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This matters because "uninsured cancer patients are more likely to go without needed care and treatment, such as radiation therapy or surgery to remove tumors," said study lead author Dr. Fumiko Chino.
Chino and her colleagues analyzed the records of more than 197,000 cancer patients ages 18 to 64. All were newly diagnosed with cancer between 2011 and 2014 and received radiation as part of their treatment.
The percentage of uninsured patients fell 52 percent on average in states that expanded Medicaid, while Medicaid enrollment rose from 15 to 18 percent. Medicaid is the publicly funded insurance program for the poor.
In states that did not expand Medicaid, the uninsured rate fell just 5 percent. There also was an increase in non-Medicaid insurance (from about 76 percent to 77 percent) and a decrease in Medicaid enrollment (about 16 percent to nearly 15 percent).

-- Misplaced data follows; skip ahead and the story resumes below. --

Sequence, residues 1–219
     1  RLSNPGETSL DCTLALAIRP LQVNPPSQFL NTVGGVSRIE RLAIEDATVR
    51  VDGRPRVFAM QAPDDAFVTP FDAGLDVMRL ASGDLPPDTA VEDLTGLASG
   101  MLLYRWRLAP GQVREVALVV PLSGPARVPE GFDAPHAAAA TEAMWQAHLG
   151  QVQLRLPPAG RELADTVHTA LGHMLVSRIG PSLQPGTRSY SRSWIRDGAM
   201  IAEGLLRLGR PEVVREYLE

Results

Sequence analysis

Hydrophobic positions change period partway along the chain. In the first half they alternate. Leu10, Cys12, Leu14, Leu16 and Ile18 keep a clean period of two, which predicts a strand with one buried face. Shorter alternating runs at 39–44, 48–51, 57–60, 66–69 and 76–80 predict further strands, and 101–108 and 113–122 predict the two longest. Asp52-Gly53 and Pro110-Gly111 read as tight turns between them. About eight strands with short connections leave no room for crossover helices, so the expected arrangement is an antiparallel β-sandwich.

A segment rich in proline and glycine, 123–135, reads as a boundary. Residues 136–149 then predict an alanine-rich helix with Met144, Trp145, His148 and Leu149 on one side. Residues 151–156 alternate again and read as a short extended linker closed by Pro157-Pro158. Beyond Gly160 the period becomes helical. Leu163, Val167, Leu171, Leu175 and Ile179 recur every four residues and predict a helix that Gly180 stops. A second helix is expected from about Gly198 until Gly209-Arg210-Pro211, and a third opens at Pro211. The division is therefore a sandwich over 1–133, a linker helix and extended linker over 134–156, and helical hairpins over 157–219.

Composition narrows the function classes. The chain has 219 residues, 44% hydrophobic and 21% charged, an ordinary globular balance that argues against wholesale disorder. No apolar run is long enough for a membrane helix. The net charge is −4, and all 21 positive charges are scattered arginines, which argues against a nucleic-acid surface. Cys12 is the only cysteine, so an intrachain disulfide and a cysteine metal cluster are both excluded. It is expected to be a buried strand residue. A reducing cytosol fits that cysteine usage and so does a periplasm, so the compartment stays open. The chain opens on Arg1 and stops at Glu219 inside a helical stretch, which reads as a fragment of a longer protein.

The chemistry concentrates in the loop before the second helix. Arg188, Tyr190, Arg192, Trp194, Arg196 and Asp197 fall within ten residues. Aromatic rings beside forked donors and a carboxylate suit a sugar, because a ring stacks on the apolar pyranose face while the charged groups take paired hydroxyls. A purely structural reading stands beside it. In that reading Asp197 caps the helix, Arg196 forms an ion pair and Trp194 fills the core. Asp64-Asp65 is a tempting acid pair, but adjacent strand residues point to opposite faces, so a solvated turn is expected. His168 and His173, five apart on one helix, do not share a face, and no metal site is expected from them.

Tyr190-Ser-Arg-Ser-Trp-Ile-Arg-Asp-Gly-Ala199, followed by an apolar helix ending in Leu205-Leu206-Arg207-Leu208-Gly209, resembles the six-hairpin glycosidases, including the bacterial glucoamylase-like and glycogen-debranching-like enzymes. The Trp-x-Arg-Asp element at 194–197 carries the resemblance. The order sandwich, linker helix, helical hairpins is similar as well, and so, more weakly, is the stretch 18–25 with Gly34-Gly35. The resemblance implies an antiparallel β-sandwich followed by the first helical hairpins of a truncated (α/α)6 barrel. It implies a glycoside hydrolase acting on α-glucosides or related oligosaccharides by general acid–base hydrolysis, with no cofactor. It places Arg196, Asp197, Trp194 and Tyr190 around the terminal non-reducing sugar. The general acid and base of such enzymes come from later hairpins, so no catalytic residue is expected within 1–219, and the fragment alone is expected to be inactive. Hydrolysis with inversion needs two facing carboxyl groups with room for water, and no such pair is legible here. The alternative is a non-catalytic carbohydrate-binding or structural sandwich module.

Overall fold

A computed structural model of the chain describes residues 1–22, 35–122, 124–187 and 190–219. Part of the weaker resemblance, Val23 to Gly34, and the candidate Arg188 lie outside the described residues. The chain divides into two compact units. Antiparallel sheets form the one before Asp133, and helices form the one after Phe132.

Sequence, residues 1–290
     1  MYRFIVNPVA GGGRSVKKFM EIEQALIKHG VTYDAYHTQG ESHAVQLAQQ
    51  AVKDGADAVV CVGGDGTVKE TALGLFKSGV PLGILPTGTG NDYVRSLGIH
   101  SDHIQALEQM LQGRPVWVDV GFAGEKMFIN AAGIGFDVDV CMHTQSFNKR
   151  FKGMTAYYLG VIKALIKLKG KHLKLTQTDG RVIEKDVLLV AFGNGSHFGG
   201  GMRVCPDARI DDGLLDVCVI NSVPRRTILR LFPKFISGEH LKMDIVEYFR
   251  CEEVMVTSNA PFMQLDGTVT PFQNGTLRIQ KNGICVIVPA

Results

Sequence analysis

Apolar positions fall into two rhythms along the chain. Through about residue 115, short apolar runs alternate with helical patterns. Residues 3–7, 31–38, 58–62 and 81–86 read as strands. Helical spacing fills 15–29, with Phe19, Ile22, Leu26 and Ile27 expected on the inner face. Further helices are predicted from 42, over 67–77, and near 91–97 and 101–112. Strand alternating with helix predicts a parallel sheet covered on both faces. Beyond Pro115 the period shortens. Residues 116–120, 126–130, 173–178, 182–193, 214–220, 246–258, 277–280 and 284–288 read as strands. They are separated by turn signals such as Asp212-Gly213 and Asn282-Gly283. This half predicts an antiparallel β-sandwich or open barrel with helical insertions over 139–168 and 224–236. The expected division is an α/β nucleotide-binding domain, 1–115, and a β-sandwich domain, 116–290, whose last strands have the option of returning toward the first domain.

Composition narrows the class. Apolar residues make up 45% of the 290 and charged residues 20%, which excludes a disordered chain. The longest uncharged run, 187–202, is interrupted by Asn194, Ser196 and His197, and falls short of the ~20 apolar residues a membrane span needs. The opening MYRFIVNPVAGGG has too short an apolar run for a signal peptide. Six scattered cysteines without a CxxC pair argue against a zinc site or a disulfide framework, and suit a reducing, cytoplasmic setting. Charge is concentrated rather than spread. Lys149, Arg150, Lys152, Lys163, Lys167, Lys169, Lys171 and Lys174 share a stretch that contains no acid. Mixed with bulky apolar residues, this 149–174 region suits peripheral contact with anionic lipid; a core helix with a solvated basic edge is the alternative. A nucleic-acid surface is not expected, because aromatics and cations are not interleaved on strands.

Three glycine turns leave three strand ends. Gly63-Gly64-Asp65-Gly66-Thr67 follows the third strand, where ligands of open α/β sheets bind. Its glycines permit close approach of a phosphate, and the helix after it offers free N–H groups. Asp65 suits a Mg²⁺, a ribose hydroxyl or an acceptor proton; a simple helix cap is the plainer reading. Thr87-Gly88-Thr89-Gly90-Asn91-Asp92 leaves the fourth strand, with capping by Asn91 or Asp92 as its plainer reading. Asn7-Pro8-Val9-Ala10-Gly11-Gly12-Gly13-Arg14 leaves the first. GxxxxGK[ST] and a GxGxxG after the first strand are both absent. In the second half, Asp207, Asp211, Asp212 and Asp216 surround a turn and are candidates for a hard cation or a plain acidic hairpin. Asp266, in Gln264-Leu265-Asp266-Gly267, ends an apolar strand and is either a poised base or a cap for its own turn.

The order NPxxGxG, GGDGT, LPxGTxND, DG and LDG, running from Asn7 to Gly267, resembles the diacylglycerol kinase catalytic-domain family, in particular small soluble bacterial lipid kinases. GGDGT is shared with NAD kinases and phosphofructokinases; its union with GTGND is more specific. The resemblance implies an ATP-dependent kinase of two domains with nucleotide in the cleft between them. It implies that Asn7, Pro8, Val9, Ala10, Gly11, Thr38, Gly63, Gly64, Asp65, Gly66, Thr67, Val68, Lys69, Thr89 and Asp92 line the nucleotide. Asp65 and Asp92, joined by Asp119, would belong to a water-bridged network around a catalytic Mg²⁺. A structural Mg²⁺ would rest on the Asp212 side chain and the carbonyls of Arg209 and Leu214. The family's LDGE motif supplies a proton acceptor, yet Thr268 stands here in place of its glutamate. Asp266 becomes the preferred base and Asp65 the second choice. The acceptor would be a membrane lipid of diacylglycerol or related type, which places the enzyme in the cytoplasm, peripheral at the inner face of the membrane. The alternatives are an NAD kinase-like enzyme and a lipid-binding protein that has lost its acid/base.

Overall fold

"We conducted a study looking at insurance patterns before and after Medicaid expansion and found that un-insurance rates dropped significantly following expansion," Chino said in a news release from the American Society for Radiation Oncology.
"The program appears to have improved access and decreased health care disparities in cancer patients receiving radiation therapy, with the greatest benefits seen among vulnerable individuals living in the highest poverty areas," she added.
The findings were presented Tuesday at the annual meeting of the American Society for Radiation Oncology, in San Diego. Research presented at meetings is usually considered preliminary until published in a peer-reviewed medical journal.
-- Robert Preidt
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